Caerphilly's development really began with the arrival of the Normans in the 11th century. The Welsh chieftain in the area was called Ifor Bach and the Norman Lord was Gilbert de Clare or Gilbert the Red Earl as he was known.
The de Clare family took control of the region in 1266 when the forces of the Red Earl defeated Gruffyd ap Rhys - the grandson of Ifor Bach.
Warfare between the Normans and the native Welsh was constant and in April 1268 Gilbert de Clare began to build what became Caerphilly Castle in order to protect his holdings in the Senghenydd area. Caerphilly Castle by Steve Hughes.
Its construction was delayed by an attack from Llewellyn ap Gruffudd but by the end of the century the castle, as we see it today, was virtually complete.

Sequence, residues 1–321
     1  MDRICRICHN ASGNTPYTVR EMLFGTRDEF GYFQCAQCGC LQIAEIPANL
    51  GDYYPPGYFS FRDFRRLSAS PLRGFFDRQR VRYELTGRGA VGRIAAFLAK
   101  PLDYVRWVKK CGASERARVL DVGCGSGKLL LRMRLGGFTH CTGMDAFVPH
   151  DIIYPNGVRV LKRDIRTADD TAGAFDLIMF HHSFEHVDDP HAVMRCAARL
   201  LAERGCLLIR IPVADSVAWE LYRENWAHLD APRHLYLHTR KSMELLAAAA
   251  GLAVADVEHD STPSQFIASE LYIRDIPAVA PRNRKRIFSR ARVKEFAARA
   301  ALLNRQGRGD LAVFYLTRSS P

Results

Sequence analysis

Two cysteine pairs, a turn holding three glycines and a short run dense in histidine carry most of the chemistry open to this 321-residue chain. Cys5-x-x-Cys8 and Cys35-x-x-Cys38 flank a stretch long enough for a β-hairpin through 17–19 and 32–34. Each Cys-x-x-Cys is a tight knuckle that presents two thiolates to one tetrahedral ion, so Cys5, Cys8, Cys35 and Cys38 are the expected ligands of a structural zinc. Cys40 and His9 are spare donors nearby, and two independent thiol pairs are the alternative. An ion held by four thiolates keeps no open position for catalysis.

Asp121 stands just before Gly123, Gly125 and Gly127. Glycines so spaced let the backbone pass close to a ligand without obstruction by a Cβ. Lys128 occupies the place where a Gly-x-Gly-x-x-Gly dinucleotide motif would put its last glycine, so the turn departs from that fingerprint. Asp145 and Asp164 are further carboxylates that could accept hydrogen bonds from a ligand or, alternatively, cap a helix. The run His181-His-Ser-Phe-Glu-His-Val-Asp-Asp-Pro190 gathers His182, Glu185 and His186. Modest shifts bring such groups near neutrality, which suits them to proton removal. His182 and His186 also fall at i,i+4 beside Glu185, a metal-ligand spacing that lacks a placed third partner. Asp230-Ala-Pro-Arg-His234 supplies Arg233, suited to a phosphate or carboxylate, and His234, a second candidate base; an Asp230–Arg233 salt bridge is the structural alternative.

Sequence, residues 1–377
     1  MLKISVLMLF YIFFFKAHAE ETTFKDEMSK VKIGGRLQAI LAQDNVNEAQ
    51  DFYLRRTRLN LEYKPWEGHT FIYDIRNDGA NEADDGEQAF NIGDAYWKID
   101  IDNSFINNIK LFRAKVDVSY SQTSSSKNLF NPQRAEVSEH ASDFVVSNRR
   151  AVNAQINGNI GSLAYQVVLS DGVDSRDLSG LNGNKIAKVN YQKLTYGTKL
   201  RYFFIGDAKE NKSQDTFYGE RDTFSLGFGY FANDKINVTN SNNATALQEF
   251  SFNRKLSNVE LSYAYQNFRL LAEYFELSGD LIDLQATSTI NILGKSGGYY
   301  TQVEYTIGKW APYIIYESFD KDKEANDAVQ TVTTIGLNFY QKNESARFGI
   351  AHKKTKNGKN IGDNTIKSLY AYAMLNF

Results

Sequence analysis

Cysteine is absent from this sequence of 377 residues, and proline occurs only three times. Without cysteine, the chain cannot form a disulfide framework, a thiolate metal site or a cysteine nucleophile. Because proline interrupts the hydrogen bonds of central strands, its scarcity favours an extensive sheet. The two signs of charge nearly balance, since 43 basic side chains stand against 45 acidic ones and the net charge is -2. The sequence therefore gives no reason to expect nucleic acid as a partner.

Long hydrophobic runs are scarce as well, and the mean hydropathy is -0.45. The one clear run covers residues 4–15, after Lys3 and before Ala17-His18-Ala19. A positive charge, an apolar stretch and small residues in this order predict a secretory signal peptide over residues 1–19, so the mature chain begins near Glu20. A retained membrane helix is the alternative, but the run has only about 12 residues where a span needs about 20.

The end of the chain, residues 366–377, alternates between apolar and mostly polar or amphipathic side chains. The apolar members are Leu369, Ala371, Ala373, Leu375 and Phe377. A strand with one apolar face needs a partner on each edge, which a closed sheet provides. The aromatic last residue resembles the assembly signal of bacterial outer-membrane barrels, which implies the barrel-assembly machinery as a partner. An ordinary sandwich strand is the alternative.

It remains the second largest castle in Britain (behind Windsor Castle) and is regarded as one of the best examples of a medieval concentric design castle.
The town of Caerphilly grew slowly but steadily in the shadow of the castle walls as tradesmen and shop keepers flocked to the place to sell and make their goods and to obtain protection should there be an attack from the warlike Welsh.
In 1316 the tiny community was burned and destroyed by the forces of Llewelyn Bren.
However the Welsh chieftain failed to capture the castle, despite allegedly having a force of 10,000 men at his disposal.
The town was soon rebuilt and by the Middle Ages it had become a small but well-established settlement.